Productivity Tips For Music Producers

Many young producers sit in their studios for hours at time, but only get a little bit of actual work done in each session. They see how the pros can have extremely productive sessions almost effortlessly, and it can be discouraging, because it seems so natural for the pros.

The good news is that being productive is a skill that anyone can learn with some practice. In this article, I’ve compiled a list of tips that, if followed daily, will lead to greater productivity in your studio sessions.

Create a Daily Routine

Creating a daily routine might be the tip that can result in the biggest immediate improvement. When you create a routine schedule, your mind will automatically become ‘in the zone’ when it’s supposed to.

For example: You might wake up, hit the gym, eat breakfast, then hit the studio. If you do this every day, when you’re eating breakfast, your mind will subconsciously be ready to switch over to production mode without even trying, like muscle memory. When your brain already knows what’s next, it takes less effort to switch tasks.

Organize Your Folders

Organizing your folders will save you a ton of time when looking for files. When creating a project file, either name the track with something you can remember, or date the track. I prefer naming files with “YYYY-MM-DD”, like “2018-05-09”, so if I can remember around the timeframe that I created the project, I can open files from around that date to find the project that I’m looking for. Once I know the final name of the track, I change the file name to match the track name.

Some of your DAWs may already have a feature that helps organize your files. When opening a project in Cubase, if you hit F5, you can see all of the projects that you created, where you can give them descriptions, ratings, and new names all in one window.

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Take Notes

Your best ideas always seem to come when you’re on the road. Make sure that you either have a pen and notebook with you at all times, or an easily accessible app on your phone.

Having a note taking app on your phone may be more convenient than paper since you’ll always have your phone with you anyway. For phones, I would recommend Evernote or Google Keep.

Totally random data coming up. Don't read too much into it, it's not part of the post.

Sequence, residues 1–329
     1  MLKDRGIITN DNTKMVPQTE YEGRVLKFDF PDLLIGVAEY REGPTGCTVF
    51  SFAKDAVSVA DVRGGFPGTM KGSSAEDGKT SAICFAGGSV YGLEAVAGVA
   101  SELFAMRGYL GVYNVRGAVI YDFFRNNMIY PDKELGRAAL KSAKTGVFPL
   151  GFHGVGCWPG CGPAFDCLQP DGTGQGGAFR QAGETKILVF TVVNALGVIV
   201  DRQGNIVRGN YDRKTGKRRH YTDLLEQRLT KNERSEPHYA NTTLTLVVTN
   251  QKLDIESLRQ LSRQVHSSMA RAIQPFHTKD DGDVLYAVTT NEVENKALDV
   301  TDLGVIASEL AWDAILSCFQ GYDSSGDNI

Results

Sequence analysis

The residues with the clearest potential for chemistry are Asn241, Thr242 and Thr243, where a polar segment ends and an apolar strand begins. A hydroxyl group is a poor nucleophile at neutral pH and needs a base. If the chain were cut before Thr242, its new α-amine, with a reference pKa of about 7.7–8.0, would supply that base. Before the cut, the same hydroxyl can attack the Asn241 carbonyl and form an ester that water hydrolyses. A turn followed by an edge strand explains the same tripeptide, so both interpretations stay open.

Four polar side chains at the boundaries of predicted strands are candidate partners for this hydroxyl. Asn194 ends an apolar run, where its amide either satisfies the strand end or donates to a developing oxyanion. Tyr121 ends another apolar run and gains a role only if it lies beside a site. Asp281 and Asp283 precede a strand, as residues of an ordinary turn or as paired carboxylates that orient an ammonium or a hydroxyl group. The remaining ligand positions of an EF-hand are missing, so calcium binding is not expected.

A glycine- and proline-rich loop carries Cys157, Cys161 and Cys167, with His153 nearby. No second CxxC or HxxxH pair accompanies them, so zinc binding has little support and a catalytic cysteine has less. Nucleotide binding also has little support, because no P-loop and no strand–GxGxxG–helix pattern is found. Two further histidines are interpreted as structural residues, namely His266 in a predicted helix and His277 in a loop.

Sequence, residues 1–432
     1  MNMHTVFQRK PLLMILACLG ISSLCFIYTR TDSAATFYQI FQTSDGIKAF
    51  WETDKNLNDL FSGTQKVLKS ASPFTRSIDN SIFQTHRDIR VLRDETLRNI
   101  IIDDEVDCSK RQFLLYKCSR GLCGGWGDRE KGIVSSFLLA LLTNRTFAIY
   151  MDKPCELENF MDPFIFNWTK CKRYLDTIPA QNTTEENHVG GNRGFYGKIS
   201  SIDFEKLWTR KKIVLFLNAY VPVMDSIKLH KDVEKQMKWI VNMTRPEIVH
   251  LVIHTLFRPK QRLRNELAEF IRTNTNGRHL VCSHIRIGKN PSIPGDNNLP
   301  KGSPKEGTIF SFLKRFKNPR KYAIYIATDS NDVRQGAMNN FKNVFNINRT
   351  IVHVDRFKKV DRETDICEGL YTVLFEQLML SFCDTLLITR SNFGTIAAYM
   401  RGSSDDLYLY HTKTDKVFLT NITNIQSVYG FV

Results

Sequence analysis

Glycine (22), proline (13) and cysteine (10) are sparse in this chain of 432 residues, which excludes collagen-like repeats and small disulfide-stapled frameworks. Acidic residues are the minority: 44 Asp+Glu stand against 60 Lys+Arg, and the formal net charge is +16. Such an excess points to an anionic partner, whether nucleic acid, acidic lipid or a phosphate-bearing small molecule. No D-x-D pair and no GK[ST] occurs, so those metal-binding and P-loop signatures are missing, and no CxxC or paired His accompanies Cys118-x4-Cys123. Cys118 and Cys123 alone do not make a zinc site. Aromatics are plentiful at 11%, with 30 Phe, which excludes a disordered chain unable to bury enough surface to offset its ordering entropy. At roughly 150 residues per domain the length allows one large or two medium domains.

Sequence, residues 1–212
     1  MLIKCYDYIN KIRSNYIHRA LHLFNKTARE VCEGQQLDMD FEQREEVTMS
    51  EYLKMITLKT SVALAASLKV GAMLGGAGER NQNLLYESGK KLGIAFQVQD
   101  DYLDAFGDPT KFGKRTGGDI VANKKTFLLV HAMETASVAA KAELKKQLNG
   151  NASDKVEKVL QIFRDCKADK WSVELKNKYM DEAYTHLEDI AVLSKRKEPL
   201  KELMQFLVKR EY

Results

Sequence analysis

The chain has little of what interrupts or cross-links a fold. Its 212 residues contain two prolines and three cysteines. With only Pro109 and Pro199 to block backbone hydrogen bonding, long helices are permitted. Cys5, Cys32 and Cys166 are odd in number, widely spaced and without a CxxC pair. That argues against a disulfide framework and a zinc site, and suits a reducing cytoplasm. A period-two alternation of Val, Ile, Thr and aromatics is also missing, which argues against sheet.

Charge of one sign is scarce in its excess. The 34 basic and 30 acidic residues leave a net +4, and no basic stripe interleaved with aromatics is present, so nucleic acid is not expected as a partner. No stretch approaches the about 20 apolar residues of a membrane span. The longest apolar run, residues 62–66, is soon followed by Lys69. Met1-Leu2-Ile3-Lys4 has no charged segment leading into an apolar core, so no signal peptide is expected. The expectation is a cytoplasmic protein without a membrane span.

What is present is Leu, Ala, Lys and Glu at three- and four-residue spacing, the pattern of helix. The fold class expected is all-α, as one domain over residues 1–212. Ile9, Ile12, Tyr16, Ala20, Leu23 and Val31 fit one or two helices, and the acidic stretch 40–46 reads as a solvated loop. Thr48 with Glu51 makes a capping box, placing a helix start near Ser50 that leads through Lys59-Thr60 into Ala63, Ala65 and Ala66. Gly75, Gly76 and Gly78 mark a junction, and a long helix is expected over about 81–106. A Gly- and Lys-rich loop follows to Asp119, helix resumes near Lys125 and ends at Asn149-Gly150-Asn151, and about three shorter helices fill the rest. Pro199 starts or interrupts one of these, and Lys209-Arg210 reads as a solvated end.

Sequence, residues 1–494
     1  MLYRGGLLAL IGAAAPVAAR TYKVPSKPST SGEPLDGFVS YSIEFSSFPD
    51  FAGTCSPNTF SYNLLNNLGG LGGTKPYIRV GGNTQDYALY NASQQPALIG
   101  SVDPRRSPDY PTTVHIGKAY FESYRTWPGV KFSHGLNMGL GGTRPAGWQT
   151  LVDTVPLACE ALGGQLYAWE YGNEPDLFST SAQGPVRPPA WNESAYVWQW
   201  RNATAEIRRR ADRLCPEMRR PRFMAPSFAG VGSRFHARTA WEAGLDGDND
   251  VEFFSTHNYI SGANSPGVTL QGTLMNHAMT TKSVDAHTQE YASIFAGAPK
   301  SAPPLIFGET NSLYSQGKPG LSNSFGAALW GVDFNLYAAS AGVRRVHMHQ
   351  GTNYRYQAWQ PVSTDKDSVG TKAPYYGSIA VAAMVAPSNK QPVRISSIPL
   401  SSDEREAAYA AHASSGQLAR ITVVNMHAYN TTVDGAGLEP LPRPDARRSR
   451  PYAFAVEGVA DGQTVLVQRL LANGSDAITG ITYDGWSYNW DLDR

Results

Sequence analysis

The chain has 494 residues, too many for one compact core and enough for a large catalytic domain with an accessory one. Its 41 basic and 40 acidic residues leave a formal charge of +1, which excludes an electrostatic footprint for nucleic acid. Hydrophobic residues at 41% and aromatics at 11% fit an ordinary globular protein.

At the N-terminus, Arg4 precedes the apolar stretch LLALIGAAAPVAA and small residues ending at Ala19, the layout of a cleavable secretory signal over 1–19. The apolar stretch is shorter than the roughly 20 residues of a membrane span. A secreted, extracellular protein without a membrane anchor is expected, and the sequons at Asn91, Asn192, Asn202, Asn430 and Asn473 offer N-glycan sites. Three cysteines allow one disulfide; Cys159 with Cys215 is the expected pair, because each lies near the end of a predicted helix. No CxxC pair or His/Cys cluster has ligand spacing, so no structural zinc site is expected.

Your note taking strategy is completely up to you. You can add a note every time you hear a cool vocal sample that you want to use, you can hum a melody into the audio recorder, draw a drum break pattern, etc.

Leave Your Ideas Unfinished

When you’re in the groove and know where you want a track to end up, stop what you’re doing and call it a day. You can write a note or two down somewhere so you don’t forget when you start up the next day.

Stopping in the middle of a task means that when you sit down to produce the next day, you’ll already be back in the groove because you already know what you need to do to get the track done. You can then use that momentum to finish the task and start the next task the same day. Then when you know where that next idea is going to end up, stop and continue the next day.

Essentially, stopping mid-task will help create a cycle that keeps you out of a creative rut.

Create a Weekly Schedule

Creating a weekly schedule can help keep you focused on your goals and stay productive, even if you’re in a creative rut. We all experience short periods where, no matter what you do, you can’t think of any good ideas. Creating a weekly schedule can give you something to do that will contribute to future success, or might spark ideas for a new track.

For instance, your schedule could look like:

  • Monday create 4 snare samples
  • Tuesday create 4 melodies
  • Wednesday create 4 bass patches
  • Thursday create 5 lead synth patches, etc.

Take Breaks

Taking short breaks during your studio session will help keep you from burning out. A quick 5 minute break every hour, or 15 minute break every other hour can reduce your stress and keep you from getting overwhelmed.

You could get a snack, take a walk, work out, talk to some producer friends etc. Whatever keeps gives you some time to get your energy back up and get back in the studio.

Take a Vacation

This tip kind of exands on the “Taking Notes” tip. When you travel, you experience all kinds cultures, art, and other things that you’ve maybe never experienced before. These experiences unleash a wave of creativity that will make your next production sessions super productive. There’s a theory out there that says that the new experiences are causing your brain to make connections that it’s never made before, which causes you to see the world slightly differently and make you more creative.

To capitalize on this further, take notes while you’re on vacation so you can pick up on those ideas immediately when you get back. Even if you bring a laptop with you on vacation, you’ll probably be out doing things and won’t be able to produce when you want to.

Summary

Increasing your productivity as an artist is something that you can improve with a little effort. Some of the things that you can do to improve your productivity are:

  • Create a daily routine
  • Organize your folders
  • Take notes
  • Leave your ideas unfinished
  • Create a schedule
  • Take breaks
  • And take a vacation